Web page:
Lesson Plan: Rights of the Accused

The Creation of the Bill of Rights

Christine Blackerby discussed the debate over the addition of a Bill of Rights to the U.S. Constitution.


The Constitution guarantees certain rights for those individuals accused of a crime. These include rights contained within in the fourth, fifth and sixth amendments of the Constitution. This lesson has students explore the individual Constitutional rights relating to criminal law such as protections from unreasonable searches and seizures, rights to due process under law, fair and public trials and legal counsel. Because this lesson has students viewing clips on their own, this lesson works best with classes with one-to-one devices or classes using a flipped classroom approach.


  • WARM-UP:

    At the beginning of the class have the student brainstorm rights that individuals have when accused of crimes.


    Discuss the students' examples of rights that individuals have when accused of crimes. As a class, view the following video clips explaining the origins of the Bill of Rights and the reasons for its inclusion in the Constitution. Have the students answer the associated questions and review them as a class to identify any misconceptions.

    Video Clip: The Creation of the Bill of Rights (3:34)

    • What was the main concern of the delegates to the Constitution Convention? What rights were originally included in the Constitution?

    • Describe the consideration given to including a Bill of Rights during the Constitutional Convention.

    • Explain the debate over the Bill of Rights between the Federalists and Anti-Federalists. Describe the views of each group.

    • Explain the Federalists' response to the concerns from states over the lack of Bill of Rights. What was the end result?

    Divide the class into nine groups and assign each group one of the rights listed below. Through a jigsaw activity, students will view their assigned video clips and become experts on this right. They will complete their section of the Rights of the Accused Chart (Google Doc) and present that information to the rest of the class. Students will listen to the information and complete the chart. Address any misconceptions that students might have as they are presenting the information.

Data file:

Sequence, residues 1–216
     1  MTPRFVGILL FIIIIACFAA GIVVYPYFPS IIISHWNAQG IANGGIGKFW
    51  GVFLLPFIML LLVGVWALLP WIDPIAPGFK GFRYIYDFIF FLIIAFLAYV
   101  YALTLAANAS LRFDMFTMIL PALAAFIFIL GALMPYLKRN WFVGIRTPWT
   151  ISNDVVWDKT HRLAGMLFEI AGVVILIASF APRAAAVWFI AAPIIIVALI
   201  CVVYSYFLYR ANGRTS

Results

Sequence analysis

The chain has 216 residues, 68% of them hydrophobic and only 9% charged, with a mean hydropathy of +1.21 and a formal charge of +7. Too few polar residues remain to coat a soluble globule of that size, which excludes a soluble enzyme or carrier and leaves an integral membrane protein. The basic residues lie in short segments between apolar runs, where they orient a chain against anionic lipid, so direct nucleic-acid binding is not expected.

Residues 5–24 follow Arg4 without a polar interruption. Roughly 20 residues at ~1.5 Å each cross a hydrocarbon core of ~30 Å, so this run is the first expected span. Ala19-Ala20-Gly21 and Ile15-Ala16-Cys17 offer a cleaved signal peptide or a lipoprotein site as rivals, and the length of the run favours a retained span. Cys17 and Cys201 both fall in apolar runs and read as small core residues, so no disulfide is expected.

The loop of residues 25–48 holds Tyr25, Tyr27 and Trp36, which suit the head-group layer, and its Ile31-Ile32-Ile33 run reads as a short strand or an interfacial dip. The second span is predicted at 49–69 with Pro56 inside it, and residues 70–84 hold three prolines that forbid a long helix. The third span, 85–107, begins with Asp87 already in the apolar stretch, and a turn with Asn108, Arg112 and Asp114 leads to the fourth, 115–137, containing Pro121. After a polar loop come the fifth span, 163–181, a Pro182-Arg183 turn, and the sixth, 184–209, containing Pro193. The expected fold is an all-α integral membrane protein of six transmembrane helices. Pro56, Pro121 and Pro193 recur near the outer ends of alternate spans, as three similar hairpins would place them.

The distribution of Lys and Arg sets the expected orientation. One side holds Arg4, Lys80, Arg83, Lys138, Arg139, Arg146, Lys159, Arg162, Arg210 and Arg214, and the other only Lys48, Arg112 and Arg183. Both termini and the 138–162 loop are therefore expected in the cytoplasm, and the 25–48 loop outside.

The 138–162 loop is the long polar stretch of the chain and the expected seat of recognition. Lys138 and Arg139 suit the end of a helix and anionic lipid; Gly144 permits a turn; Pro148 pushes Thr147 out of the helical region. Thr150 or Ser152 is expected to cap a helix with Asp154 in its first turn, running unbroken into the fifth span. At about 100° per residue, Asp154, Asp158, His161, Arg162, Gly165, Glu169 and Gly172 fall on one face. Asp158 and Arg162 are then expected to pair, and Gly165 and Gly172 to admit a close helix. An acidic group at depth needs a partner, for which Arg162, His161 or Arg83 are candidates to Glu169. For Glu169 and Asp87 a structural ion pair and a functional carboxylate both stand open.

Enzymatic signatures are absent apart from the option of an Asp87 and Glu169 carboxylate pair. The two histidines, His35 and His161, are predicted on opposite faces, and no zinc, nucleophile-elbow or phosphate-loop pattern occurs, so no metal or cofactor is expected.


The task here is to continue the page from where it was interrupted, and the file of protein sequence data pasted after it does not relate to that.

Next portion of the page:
On the chart, the students will summarize each of the following rights of the accused found in the Constitution. They will also answer the following questions: What are the current and historical issues relating to this right? Identify and define key vocabulary relating to this right.

    HANDOUT: Rights of the Accused Chart (Google Doc)


  • APPLICATION: Have the students use the information from the video clips to answer the following prompt. This prompt can be a written response or a class discussion.

    • Evaluate how successful the Constitution has been in protecting the rights of people accused of crimes. Use the following guiding questions to structure your response.
    • Do the Constitutional rights go far enough to protect those accused of crimes?
    • Is the language found in the Constitution clear enough to protect individuals?
    • Are additional rights needed to successfully protect people accused of crimes?
  • CONCLUSION: As an exit slip, have the students answer the following question:

    • Is the Bill of Rights necessary to protect the rights of the accused?

    Research an Issue- Choose one of the Constitutional rights included in the lesson. Research a current event or issue that relates to this right. Provide the following:

    • Summary of the issue/current event
    • Explanation of different perspectives surrounding this issue
    • Your opinion/reaction to this issue/current event

    Movie/TV Review- Choose one of the rights included in this lesson. Find a fictional television show episode or movie that relates to this right. Write a review of the show/movie that does the following:

    • Summarize the plot of the episode or movie.
    • Explain how your chosen right relates to the plot of the movie.
    • Evaluate if the right was properly used in the show or movie.

    • How do these Constitutional rights impact how police and prosecutor do their jobs?
    • Which Constitutional right is the most important to people accused of crimes?
    • Which Constitutional right of the accused is the least important?
    • Choose three Constitutional rights mentioned in the lesson and explain how they are related to each other.

Additional Resources


  • Accusation
  • Bill Of Rights
  • Constitution
  • Criminal Law
  • Cross-examine
  • Double Jeopardy
  • Due Process Of Law
  • Expedite
  • Fifth Amendment
  • Fourth Amendment
  • Grand Jury
  • Habeas Corpus
  • Hate Crime
  • Immunity
  • Impartial Jury
  • Indictment
  • Legal Counsel
  • Privacy
  • Probable Cause
  • Search And Seizure
  • Self-incrimination
  • Testimony
  • Warrant
  • Witness


Constitutional FoundationCriminal Law & Justice


Middle SchoolHigh SchoolUniversity